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Pilot Unhurt in Hawker Hunter Incident

FAA Cites Engine Failure as Likely Cause of Atlantic Ditching

A 63-year-old, single-seat, Hawker Hunter Mk 58 has gone down off of North Carolina’s Atlantic coast. The aircraft—operated by Airborne Tactical Advantage Company (ATAC)—was supporting U.S. Navy training exercises in the capacity of a mock-aggressor.  

The U.S. Navy subsequently confirmed that the downed Hawker’s pilot was able to eject before the aircraft hit the water, and that the aircraft had been supporting the George H. W. Bush Carrier Strike Group's COMPTUEX. 

Composite Unit Training Exercise [COMPTUEX) is the final phase in a carrier strike group's workup prior to deployment.

The FAA has issued a formal initial report in which it confirmed that engine-failure was the immediate cause of the incident that brought down N337AX. The agency further attested that the pilot of the downed Hawker suffered no injuries, and that damage to the aircraft was "substantial."

The full statement reads:

On June 20, during the George H. W. Bush Carrier Strike Group composite training unit exercise, a civilian pilot ejected from a commercial air services Hawker Hunter aircraft off the coast of North Carolina after reporting an engine malfunction. The pilot was recovered by a U.S. Coast Guard search and rescue helicopter and transported to the New Hanover Medical Center in Wilmington, North Carolina. The incident remains under investigation at this time.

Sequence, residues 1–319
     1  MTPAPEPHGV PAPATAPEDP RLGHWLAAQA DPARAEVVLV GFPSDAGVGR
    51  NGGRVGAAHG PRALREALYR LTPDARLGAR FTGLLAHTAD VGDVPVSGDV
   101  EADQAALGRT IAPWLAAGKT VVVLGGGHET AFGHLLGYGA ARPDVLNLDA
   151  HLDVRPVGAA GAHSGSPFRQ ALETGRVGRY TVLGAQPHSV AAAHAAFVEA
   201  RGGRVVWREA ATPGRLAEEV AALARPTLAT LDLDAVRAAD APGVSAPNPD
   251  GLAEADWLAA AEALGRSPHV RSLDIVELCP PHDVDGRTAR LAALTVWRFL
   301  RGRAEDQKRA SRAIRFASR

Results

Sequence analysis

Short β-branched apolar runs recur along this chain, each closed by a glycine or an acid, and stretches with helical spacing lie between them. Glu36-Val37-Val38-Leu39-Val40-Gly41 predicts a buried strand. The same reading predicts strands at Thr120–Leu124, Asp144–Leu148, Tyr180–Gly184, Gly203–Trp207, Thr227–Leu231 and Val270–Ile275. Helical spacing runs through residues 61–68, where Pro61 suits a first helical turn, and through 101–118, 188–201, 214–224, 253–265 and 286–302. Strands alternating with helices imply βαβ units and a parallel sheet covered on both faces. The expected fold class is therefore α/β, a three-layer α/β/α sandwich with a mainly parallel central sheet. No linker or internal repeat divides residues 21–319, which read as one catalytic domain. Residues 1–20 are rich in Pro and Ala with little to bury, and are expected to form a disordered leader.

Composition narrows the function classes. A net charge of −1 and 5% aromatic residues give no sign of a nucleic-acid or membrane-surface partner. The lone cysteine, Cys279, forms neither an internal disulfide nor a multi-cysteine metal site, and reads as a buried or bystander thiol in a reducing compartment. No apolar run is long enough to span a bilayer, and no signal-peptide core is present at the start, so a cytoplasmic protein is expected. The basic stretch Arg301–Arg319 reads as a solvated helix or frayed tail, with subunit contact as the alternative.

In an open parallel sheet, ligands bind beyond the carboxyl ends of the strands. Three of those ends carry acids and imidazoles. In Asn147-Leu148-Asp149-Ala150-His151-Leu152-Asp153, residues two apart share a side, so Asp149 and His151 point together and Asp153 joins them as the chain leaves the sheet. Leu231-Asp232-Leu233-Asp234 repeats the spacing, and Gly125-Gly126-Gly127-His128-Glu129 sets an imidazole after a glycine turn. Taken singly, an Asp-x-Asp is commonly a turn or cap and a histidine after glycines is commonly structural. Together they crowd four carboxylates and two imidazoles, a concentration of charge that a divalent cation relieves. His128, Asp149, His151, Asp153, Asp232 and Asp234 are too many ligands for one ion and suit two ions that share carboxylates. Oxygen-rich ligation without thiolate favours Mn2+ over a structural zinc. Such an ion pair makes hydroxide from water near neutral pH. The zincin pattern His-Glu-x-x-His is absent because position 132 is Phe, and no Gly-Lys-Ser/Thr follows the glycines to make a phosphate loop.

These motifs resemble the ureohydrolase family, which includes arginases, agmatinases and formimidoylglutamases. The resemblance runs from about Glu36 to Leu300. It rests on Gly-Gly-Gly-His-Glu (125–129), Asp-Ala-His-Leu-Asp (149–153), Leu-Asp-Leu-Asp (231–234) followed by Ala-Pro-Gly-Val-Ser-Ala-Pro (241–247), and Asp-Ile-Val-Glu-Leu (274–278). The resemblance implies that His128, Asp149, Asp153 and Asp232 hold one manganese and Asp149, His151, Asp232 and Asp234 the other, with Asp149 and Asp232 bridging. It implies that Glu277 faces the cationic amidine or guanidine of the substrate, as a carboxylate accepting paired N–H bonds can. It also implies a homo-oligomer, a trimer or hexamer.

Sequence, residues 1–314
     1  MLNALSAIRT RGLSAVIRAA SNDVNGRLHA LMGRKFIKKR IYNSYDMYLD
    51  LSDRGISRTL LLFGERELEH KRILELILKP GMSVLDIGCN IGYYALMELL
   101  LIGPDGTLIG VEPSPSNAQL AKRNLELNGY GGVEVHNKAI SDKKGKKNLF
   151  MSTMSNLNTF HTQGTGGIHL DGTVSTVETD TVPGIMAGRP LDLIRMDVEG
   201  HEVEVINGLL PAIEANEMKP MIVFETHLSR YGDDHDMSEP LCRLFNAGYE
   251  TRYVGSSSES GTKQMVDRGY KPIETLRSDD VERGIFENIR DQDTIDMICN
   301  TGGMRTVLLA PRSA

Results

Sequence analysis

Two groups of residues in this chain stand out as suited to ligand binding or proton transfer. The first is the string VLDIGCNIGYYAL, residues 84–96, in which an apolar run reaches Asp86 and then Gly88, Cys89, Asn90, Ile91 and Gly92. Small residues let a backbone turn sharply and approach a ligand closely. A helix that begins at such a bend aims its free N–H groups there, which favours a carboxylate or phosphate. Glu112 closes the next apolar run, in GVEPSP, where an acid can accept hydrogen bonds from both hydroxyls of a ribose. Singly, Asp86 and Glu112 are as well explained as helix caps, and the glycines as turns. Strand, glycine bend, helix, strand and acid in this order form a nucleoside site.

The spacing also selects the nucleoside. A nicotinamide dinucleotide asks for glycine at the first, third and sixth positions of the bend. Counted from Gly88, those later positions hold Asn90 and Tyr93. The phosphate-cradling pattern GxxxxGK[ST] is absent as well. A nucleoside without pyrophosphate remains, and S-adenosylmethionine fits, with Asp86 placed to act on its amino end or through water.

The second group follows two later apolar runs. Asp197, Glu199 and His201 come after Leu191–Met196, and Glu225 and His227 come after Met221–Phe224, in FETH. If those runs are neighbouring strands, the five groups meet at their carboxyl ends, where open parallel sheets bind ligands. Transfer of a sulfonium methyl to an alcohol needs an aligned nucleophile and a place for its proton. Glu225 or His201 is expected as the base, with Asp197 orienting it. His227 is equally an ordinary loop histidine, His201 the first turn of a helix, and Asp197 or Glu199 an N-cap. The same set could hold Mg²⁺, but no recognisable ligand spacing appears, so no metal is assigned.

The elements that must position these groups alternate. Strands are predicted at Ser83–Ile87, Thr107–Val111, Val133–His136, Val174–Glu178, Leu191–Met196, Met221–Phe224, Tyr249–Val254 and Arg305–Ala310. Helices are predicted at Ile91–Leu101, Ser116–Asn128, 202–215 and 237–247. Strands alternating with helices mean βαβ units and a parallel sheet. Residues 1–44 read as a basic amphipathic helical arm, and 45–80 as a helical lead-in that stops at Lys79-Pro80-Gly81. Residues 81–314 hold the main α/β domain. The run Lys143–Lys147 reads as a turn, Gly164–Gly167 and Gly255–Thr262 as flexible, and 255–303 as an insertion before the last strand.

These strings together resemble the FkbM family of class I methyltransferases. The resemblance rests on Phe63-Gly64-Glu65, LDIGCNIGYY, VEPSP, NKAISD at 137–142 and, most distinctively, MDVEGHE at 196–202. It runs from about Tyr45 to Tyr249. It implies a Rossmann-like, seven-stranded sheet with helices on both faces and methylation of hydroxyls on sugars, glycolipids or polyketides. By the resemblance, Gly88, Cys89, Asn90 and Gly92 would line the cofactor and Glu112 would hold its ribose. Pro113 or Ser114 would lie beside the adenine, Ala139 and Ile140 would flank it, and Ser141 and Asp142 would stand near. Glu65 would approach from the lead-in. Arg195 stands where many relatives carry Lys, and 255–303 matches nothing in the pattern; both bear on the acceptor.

The incident was not the first involving an ATAC Hunter. Since 2012, there have been at least four additional occurrences involving the company's Mk 58s, including a well publicized 2018 mishap in which one such aircraft went down off the coast of Oahu, Hawaii.

ATAC's more recently acquired fleet of Dassault Mirage F1s has suffered its own share of incidents, though no direct links between the Mirage and Hunter misadventures have been identified. 

FMI: https://atacusa.com


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